What is a vasectomy?
Vasectomy is one of the most effective forms of contraception. It’s a minor operation that cuts off the pathway between the penis and the testicles. After a vasectomy, sperm can no longer make their way from the testicles to the penis as part of an ejaculation. Without sperm, you can’t impregnate your partner.
Despite having a very high success rate, there are still times when vasectomies fail. This is a rare situation. Less than 1% of vasectomies fail and result in pregnancies. There is usually no way to tell if your vasectomy has failed until your partner gets pregnant unexpectedly. This doesn’t happen often, so it’s very surprising and confusing when it does.
A vasectomy is an operation to prevent sperm from leaving the body. During a vasectomy, your doctor makes a small incision in your scrotum. They will then cut the vas deferens, which is the tube that carries sperm from the testicles to the penis. The doctor will remove part of the tube and seal the ends. After that, there is no longer a way for sperm to leave your testicles.
You still produce live sperm in your testicles after a vasectomy. The sperm cannot leave the body during ejaculation. Your orgasms will still contain fluid, but no sperm will be present.
Having sex too soon
Sometimes pregnancies happen right after a vasectomy. This is because vasectomies aren’t effective immediately. When you have your vasectomy, the sperm already in the position to be ejaculated can live for many weeks. You could ejaculate live sperm and cause a pregnancy during that time.
Typically, your doctor will schedule a follow-up appointment 90 days after your vasectomy to check for any remaining sperm. If there are no sperm in your semen sample, the vasectomy is considered successful. If there are living sperm, your doctor will have you come back a few weeks later to check again. In many cases, all remaining sperm are gone by the second follow-up visit.
In rare cases, vasectomies reverse themselves. The separated ends of the vas deferens can reconnect inside your body. The scar tissue at each end can join with the other cut tube and create a link. If there are open channels in the scar tissue, sperm can get through them, and you will ejaculate them.
This is most common within the first three months after a vasectomy. In some cases, the scar tissue will close over time and block sperm completely. In the meantime, you will need another form of contraception to prevent pregnancy. Your doctor can do a repeat vasectomy to correct the issue.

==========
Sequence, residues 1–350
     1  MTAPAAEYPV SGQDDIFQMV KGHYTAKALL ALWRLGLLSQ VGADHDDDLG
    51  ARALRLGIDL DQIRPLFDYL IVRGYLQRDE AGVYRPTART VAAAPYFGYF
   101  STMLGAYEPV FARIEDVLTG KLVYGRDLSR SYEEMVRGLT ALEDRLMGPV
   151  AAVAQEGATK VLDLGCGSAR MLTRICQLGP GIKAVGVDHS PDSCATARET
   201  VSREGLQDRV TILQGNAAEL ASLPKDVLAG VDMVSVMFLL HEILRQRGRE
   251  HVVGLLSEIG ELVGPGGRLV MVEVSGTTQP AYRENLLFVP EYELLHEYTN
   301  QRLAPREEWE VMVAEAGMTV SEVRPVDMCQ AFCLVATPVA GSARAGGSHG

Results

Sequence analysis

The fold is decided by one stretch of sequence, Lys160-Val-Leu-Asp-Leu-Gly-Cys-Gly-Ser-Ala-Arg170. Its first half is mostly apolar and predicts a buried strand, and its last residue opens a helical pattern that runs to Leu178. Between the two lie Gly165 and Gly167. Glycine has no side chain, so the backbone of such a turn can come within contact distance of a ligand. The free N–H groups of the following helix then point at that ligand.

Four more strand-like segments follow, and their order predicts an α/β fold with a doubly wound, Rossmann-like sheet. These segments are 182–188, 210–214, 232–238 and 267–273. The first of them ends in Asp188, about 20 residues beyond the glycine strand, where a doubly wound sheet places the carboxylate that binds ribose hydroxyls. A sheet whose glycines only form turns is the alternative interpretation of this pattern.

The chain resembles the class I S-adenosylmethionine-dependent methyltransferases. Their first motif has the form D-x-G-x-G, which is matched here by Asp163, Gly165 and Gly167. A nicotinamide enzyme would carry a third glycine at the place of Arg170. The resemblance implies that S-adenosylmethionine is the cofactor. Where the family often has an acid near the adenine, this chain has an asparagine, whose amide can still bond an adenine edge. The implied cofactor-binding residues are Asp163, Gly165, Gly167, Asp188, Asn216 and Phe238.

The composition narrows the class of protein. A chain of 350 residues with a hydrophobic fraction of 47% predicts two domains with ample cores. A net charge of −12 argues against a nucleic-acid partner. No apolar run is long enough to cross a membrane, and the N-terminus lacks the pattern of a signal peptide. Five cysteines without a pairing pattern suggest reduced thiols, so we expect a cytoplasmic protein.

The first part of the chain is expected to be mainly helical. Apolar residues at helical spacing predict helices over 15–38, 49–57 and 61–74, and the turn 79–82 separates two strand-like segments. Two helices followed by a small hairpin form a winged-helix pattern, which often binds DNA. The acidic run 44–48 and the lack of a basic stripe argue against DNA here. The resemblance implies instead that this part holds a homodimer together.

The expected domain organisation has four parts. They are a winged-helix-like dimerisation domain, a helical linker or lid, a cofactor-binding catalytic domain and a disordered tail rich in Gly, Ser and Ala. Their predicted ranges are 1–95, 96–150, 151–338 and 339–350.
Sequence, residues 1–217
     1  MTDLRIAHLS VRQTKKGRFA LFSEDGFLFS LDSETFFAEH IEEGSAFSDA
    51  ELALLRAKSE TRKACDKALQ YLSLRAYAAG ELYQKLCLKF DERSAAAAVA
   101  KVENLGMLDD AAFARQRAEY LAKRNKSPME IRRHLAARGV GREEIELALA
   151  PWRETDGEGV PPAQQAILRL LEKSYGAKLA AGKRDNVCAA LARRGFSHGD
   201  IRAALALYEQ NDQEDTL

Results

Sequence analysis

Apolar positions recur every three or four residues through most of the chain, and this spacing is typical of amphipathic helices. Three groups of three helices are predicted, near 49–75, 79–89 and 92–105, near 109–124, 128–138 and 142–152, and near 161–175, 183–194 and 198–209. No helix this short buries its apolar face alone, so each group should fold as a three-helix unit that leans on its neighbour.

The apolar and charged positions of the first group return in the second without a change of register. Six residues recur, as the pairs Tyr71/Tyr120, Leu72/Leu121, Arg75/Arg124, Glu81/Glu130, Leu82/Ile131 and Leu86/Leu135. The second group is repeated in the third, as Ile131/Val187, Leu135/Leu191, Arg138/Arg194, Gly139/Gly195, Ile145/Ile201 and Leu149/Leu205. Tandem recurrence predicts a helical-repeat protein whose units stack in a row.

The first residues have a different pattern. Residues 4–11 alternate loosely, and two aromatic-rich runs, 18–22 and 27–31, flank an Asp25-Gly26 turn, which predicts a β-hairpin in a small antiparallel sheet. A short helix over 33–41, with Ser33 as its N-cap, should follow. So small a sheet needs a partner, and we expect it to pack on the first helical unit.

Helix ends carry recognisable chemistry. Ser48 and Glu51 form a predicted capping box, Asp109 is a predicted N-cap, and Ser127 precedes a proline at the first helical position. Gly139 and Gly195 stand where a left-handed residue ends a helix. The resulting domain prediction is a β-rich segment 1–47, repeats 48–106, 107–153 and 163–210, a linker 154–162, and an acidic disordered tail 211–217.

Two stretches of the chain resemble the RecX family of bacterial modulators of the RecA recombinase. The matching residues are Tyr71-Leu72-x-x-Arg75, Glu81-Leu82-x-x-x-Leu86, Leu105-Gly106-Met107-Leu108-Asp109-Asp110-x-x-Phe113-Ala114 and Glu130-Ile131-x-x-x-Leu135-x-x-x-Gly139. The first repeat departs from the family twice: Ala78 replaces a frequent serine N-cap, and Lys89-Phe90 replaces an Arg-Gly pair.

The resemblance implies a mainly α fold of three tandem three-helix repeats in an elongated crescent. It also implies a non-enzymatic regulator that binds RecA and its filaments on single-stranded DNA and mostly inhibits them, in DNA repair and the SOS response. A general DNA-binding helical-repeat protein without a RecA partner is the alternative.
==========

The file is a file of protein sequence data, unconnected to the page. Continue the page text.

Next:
Sometimes a vasectomy fails because the doctor didn’t sufficiently separate the tubes. If the surgeon doesn’t remove enough tissue from the vas deferens, the two ends can reconnect. This is more likely to happen if the doctor didn’t properly seal each end of the tube.
When this happens, doctors can usually spot the problem when you have your follow-up appointment. There will be live sperm in your sample, so the doctor will examine you to see if there is a problem. If they discover that the tubes have reconnected, they can repeat the vasectomy.
Late vasectomy failure
It’s very rare for vasectomies to fail over the long term. Experts estimate that the failure rate is between 0.04–0.08%, or approximately 1 in 2000 cases. The way most failures are detected is from an unplanned pregnancy.
Experts have found that it’s possible for very small numbers of sperm to appear in semen even after a vasectomy. This may be due to how complex the anatomy of the testicles is. There are a lot of spaces where sperm can linger long after the vasectomy is performed. Small numbers of sperm may also be able to detour through different parts of the testicles.
In other cases, the tubes inside your body may recanalize over time. That reopens a pathway for sperm to leave your body. When this happens, you will need a repeat vasectomy.
Most vasectomies are reversible. Your doctor can reattach the ends of the vas deferens so that you can ejaculate sperm again. Once you do this, you may be able to impregnate your partner.
The success of the reversal depends on how long it has been since you had the vasectomy. If the original operation was 10 years ago or less, there is a 75% chance of success. The success rate goes down the longer it has been since the vasectomy.
A successful vasectomy reversal doesn’t guarantee a pregnancy. There are a lot of factors that affect whether a couple can conceive. You can discuss this with your doctor if you have questions.
Health Solutions From Our Sponsors
Canadian Urology Association Journal: “CUA guideline: Vasectomy.”
Indian Journal of Urology: “Vasectomy: A simple snip?”
The Lancet: “How reliable is a vasectomy? Long-term follow-up of vasectomised men.”
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